Condé Nast Entertainment Announces New Program Slate at NewFront

Vogue, Wired to get digital channels

Condé Nast Entertainment announced plans to roll out 30 new Web series as it tries to extend its prestige brands to the fast-growing digital video space.

CNE president Dawn Ostroff, in a pair of vertiginously high Louboutin pumps, took the stage at the NewFront Wednesday to announce the new series. The first round of programming would build on CNE’s existing channels for Glamour and GQ, she said. Shows include GQ’s Casualties of the Gridiron, a documentary series about former NFL players dealing with chronic pain, and Glamour’s first scripted series, The Single Life.

Vogue will be the next Condé Nast brand to get its own digital channel, starting May 8, with shows like Vintage Bowles (starring international editor at large Hamish Bowles) and The Fund (which chronicles the CFDA/Vogue Fashion Fund competition). Wired will follow on May 15, with programs including Angry Nerd (described by editor Scott Dadich as the “Andy Rooney of the 21st century”) and Codefellas (a scripted, animated show set in the NSA).

This summer, expect to see a channel from Vanity Fair, followed by Teen Vogue, Epicurious and channels later in the year.

Ostroff said CNE had signed syndication deals with AOL, Yahoo, Twitter, Dailymotion and Grab Media to help distribute the new content. CNE will also be matching production investment dollar for dollar with marketing funds, according to chief digital officer Fred Santarpia.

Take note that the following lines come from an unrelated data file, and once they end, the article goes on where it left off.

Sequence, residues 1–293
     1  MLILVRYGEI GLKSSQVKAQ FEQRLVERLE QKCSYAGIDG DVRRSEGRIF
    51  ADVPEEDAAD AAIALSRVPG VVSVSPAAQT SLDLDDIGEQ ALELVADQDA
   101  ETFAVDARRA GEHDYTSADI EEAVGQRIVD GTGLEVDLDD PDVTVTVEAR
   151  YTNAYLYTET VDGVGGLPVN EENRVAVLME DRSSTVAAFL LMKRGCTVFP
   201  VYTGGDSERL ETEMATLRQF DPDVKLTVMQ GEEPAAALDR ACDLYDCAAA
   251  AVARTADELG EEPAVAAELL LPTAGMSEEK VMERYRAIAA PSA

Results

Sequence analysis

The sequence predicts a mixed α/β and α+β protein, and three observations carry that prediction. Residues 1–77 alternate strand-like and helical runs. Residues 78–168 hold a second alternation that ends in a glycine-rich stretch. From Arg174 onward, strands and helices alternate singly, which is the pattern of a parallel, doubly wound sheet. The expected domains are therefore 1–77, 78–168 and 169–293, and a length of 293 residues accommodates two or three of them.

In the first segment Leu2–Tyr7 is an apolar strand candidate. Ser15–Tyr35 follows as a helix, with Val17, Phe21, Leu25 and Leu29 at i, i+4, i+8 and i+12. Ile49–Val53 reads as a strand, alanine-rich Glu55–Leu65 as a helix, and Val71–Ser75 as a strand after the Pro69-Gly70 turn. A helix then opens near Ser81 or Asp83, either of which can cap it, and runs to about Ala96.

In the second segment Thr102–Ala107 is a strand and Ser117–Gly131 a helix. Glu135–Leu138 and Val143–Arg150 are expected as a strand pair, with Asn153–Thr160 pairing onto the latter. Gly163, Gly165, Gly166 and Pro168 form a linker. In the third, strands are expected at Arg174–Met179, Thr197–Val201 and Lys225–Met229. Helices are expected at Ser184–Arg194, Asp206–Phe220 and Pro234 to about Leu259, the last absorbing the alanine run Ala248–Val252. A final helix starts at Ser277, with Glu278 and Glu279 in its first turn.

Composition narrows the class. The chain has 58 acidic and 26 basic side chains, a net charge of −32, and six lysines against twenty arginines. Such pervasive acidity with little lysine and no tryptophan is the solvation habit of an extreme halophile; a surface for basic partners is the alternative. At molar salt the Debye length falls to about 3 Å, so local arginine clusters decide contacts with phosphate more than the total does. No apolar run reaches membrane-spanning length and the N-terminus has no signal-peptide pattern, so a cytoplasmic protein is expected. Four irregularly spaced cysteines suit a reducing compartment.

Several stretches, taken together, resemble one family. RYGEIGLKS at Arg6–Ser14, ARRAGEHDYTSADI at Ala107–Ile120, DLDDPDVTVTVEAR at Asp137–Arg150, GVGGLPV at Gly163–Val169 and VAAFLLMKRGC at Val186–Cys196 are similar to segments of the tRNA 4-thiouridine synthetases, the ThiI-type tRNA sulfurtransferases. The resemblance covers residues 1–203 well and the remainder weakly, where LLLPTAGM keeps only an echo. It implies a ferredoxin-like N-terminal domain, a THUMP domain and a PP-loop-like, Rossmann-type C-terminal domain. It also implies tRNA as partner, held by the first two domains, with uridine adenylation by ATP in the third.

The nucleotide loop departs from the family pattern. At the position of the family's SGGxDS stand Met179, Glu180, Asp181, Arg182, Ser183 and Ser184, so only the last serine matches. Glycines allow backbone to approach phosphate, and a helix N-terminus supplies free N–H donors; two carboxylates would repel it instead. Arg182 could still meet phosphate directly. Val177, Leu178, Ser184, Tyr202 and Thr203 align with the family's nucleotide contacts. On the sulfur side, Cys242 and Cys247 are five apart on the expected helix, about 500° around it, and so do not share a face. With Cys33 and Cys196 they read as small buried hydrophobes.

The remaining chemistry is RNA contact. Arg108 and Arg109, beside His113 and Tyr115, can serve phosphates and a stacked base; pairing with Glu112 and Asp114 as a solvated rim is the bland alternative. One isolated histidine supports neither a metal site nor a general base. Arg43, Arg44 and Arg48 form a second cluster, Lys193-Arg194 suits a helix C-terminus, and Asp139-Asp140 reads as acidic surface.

The presentation—CNE’s first big public event since the division formed in 2011—was a swanky affair worthy of its namesake, complete with an all-white lounge area, cocktail bar and DJ. (All the better to entertain a few grumbling attendees as they waited for the room to fill up during the hour between doors-open and the slated presentation start time.) It also drew some of the biggest stars from the Condé galaxy, like Vogue editor Anna Wintour, Wired's Dadich and Glamour’s Cindi Leive.

Of the day’s speakers, which also included Condé Nast Media Group president Lou Cona, it was Santarpia who made the boldest statement: “Our goal,” he said, “is nothing short of making digital video as endemic to Condé Nast as the print business.”